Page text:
But it seems not to be. And however much Lord Christian and I allayed Lady Lizzie's nervousness about the Kimball Ball this week, my nervousness has only increased. For my Grandmama Lady Knott is determined that I be advantageously introduced to Viscount Lord Duncan Lindsay--the heir to the Duke of York. I have only quite recently turned my thoughts to my very much liking Lord Christian Blount, the Earl of Sussex as a prospective husband the more I converse with him--and now my Grandmama proposes a different gentleman to match with me, the Viscount Lord Duncan Lindsay. I have never met the man, but whatever Lord Duncan's virtues, he will still not be Lord Christian.
Obviously, my own thoughts have not turned away from Lord Christian as a suitor at all. As I have become acquainted with Lord Christian better the past two weeks, I can see his many good qualities. Despite his propensity for knocking ices out of my hands at parties, he dances divinely and is a most amiable gentleman. And he is a doting elder brother to my new friend in his younger sister Lady Elizabeth Blount. And he and Lady Lizzie kindly offered my Grandmama and I a ride to this week's Kimball Ball--which we gladly accepted.
Sadly, the Dowager Countess of Sussex Lady Catherine Blount--Lady Lizzie's and Lord Christian's Grandmother--is once again feeling unwell, so she is unable to join us. Though Lord Christian's gift to her of the black shawl embroidered with small pale blue roses somewhat cheered her—as my own gift of a cream shawl embroidered with small pink roses delighted my Grandmama. But Lady Blount insisted that her grandchildren Lady Lizzie and Lord Christian attend the Kimball Ball tonight, a chilly but no longer snowing Friday February 9, 1816. And it is anyone's guess where their brother Lord Harold is. Because I do not believe anywhere near a sick bed is Lord Harold's forte. Yet he is not with us.
As we take the cozy carriage ride to the Kimball Ball in the Earl of Sussex' large and comfortably cushioned enclosed carriage--made more agreeable by the warmed bricks at our feet—Lady Lizzie and I discuss our plans for the evening with regard to dancing and refreshments in whispers into each other's ears.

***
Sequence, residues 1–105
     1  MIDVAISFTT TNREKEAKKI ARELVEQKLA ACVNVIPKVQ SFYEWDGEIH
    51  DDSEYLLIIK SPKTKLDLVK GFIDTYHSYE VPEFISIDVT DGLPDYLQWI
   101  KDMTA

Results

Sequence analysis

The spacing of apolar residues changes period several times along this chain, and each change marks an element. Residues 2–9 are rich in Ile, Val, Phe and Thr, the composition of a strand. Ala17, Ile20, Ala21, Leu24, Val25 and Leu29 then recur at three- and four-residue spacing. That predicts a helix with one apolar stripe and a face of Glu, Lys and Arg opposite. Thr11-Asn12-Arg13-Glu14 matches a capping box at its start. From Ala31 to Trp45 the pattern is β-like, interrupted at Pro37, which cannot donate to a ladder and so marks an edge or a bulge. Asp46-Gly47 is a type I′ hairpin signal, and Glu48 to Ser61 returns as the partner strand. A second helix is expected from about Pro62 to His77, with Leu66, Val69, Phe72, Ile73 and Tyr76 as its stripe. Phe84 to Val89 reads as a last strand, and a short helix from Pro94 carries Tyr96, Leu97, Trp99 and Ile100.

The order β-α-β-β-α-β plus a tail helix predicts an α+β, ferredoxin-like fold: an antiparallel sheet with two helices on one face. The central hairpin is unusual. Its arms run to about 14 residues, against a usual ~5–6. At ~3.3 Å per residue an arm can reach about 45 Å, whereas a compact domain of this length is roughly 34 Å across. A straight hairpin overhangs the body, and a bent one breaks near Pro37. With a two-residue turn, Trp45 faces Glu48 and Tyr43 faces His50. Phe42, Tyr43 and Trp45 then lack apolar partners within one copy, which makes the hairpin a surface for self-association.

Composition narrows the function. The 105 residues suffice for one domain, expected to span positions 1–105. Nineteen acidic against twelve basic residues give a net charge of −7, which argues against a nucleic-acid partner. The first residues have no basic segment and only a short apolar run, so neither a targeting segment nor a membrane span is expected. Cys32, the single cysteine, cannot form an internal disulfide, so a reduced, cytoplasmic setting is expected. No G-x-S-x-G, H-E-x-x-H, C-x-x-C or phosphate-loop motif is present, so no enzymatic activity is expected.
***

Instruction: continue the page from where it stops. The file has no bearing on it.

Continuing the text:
My Grandmama and Lord Christian sitting across from us in the large carriage also converse in hushed tones.
Lady Knott: "Thank you again for kindly inviting us to ride with you to the Kimball Ball, Lord Christian."
Lord Christian: "You are are most welcome, My Lady. We are glad that you could join us." I notice that she does not use her pet name for me, of Christy. "Am I still out of charity with you, Lady Knott? Or am I forgiven for my boorish behavior at Lady Madeline's presentation ball?"
Lady Knott: I look at this earnest young man for a long moment. He seems sincere. "Since my granddaughter has forgiven you, then I must also ." I state pleasantly from years of practice.
Lord Christian: Not willing to let her merely civil response drop, I query. "But?"
Lady Knott: "But, I was disappointed that you chose to take out your frustration upon dear Maddie with regard to your grandmother's and my own misbegotten matchmaking attempts. Maddie was completely unaware of our hopes. It was not her fault." I admonish him chastisingly.
Lord Christian: "I am aware of that now." I say more curtly than I intend. "I have apologized to Lady Madeline and she forgave me. Will you not do the same?" I try not to whine. But Lady Knott tends to make me feel as if she is the school mistress, and I the errant student. And I am well aware of the power that ladies like Lady Knott wield, and I do not want her ire at me to become misdirected at my sister Lady Lizzie.
And I admit that I am put out that Lady Knott no longer considers me a viable suitor for Lady Madeline. Even though I had not originally sought that office, I have warmed to the idea of a matrimonial arrangement with Lady Madeline Sinclair and its benefits to my family--more particularly to my sister Lady Lizzie's marriage prospects by my receiving the Knott dowry money saved for Lady Madeline. Yet, Lady Madeline's dowry is no longer my sole goal now. Lady Madeline has my heart, as I wish to have hers.
YOU ARE READING
"Encouragement" (Book 1), A Regency Love Story, by Gratiana Lovelace, 2016Historical Fiction
Lady Madeline Lucretia Sinclair's very proper maternal grandmother Lady Lucretia Beckham Knott advises her that all a gentleman needs from a lady to offer for her is a little encouragement from that lady. But then again, it is encouragement that a l...